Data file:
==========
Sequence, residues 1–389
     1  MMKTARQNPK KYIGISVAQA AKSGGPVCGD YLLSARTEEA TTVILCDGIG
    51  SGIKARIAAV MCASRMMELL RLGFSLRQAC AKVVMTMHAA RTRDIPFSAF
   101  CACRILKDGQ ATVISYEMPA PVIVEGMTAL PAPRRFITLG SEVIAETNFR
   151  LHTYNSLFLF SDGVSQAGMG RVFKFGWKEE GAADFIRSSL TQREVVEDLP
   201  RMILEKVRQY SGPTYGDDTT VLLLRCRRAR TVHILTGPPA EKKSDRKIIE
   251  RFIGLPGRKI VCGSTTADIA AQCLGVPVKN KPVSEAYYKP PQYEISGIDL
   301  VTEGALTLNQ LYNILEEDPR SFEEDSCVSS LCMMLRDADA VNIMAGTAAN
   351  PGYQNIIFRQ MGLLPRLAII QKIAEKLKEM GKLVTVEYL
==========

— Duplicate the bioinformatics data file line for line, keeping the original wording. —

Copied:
Sequence, residues 1–389
     1  MMKTARQNPK KYIGISVAQA AKSGGPVCGD YLLSARTEEA TTVILCDGIG
    51  SGIKARIAAV MCASRMMELL RLGFSLRQAC AKVVMTMHAA RTRDIPFSAF
   101  CACRILKDGQ ATVISYEMPA PVIVEGMTAL PAPRRFITLG SEVIAETNFR
   151  LHTYNSLFLF SDGVSQAGMG RVFKFGWKEE GAADFIRSSL TQREVVEDLP
   201  RMILEKVRQY SGPTYGDDTT VLLLRCRRAR TVHILTGPPA EKKSDRKIIE
   251  RFIGLPGRKI VCGSTTADIA AQCLGVPVKN KPVSEAYYKP PQYEISGIDL
   301  VTEGALTLNQ LYNILEEDPR SFEEDSCVSS LCMMLRDADA VNIMAGTAAN
   351  PGYQNIIFRQ MGLLPRLAII QKIAEKLKEM GKLVTVEYL